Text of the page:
While Chiang Mai is a relatively small city, it still is home to a number of different areas and neighborhoods each with their own look and feel…and that go well beyond just the Old City and Nimmanhaemin where tourists and digital nomads congregate. Though they are central areas, I’ve read several posts that only highlight these two main spots and dismiss everywhere else.
If you’re just starting out in the city or living here for a few months, staying around the Old City or Nimman will be the most convenient, however if you’re planning to stay longer, get out of your comfort zone a bit – there are plenty of areas to choose from!
Nimmanhaemin (also called “Nimmanhaeminda” or just “Nimman”) is Chiang Mai’s trendy neighborhood. Close to Chiang Mai University and easily accessible from the Superhighway, Nimman is filled with a variety of restaurants, cafes, wine bars, art galleries and other upscale venues. While it’s a consistent go-to spot, all the shops and restaurants you see today could easily be gone tomorrow as places open and close at a head-spinning rate. (It’s not uncommon through Chiang Mai to go to one of your favorite places for lunch and have it be…gone.) Take time to wander through side streets between Nimmanhaemin Road and Srimangkalajarn Road where most of the action is. New condominiums are popping up like weeds and real estate prices are some of the highest in the city, but it’s still easy to sublet a place for a reasonable rate and there are plenty of boutique hotels around that are great for a weekend getaway.
The Old City is undoubtedly Chiang Mai’s tourist epicenter, but large parts of it are still quiet and laid-back. The east side (Thapae Gate) and the central east-west road (Ratchadamnoen) are the busiest areas, with an endless array of guesthouses, boutique hotels, restaurants and coffee shops. It’s also home to the largest concentration of temples in CM and likely in all of Thailand. The Old City has everything you need, but in my opinion most of the best spots are actually outside of it.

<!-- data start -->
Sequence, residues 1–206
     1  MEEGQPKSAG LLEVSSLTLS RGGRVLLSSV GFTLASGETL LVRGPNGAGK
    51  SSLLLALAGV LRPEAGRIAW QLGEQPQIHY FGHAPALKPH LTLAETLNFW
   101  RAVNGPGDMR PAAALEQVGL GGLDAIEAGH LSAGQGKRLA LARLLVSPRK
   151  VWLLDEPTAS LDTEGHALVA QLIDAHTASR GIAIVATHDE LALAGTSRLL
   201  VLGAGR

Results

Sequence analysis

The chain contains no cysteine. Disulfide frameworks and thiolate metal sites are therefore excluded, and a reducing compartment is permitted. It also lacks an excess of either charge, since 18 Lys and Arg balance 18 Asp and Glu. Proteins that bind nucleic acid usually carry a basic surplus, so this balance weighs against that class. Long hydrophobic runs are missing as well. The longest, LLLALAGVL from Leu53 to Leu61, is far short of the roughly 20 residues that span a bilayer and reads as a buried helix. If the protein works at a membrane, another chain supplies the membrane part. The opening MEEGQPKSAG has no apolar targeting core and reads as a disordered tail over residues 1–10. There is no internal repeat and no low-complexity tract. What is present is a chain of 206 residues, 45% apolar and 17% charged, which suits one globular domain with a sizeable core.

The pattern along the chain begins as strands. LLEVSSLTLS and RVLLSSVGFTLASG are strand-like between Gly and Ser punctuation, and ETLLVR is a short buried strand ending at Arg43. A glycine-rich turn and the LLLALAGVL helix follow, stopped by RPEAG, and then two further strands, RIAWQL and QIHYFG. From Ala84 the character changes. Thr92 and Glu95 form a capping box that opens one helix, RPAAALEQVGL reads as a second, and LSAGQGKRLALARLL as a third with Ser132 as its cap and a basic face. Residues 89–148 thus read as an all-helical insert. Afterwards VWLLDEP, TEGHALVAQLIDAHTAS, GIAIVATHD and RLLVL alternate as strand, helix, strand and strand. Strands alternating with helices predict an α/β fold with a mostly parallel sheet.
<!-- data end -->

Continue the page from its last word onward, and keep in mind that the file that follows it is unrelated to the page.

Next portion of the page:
The winding lanes of the north and southwest areas are quite low-key. There are many houses for rent, and surprisingly the prices aren’t outrageous. For apartments however, you’re really only be able to find ‘serviced apartments’ which are essentially long-term hotel rooms with a refrigerator. Although the Old City suffers from a lack of sidewalks like everywhere else in Thailand, it’s easily the most walkable part of Chiang Mai and finding transport is never a problem – all drivers will assume you’re a tourist though. To get lower rates, speaking a few words of Thai can go a long way…
Lang Mor (meaning “behind CMU”) stretches along Suthep Road west from the Canal to the mountain. It’s sort of a budget Nimmanhaemin – there are a ton of restaurants, cafes and bars, but they cater to the CMU student set and are much, much cheaper then those just one road over. The nightly food market along Suthep is possibly the biggest in the city and certainly has the most diverse, and some of the cheapest, set of offerings.
Housing options are everywhere but they’re mostly student apartments. This is a good place to look for reasonable accommodation if you’re on a budget, but if you can spend more than 5,000b a month there isn’t much here. Being close to the university, it’s easy to catch a songthaew.
The north side of CMU along Huay Kaew is popularly referred to as Naa Mor (“in front of CMU”) and also caters to the CMU crowd. Though there are plenty of restaurants and a huge food market in Malin Plaza, Naa Mor is geared more toward clothes and cosmetics than Lang Mor. There are a few upscale condo buildings on Huay Kaew and cheaper options further north in Chang Khian. Like Lang Mor, it’s fairly easy to find a songthaew or tuktuk to take you where you want to go.
Named after the biggest temple in the area, Jed Yod is a relatively quiet, residential part of the city with a range of condo buildings and homes. Houses can be a bit difficult to find, but your best bet might be to drive around looking for “For Rent” signs (“rent” is เช่า in Thai). There are restaurants around the road that connects the Superhighway and Canal, but most of the area is small, leafy streets and detached houses. I lived in this area for a year and loved it. I really appreciated the neighborhood vibe and felt like I was truly living in Thailand, something that can get lost when you’re in other areas.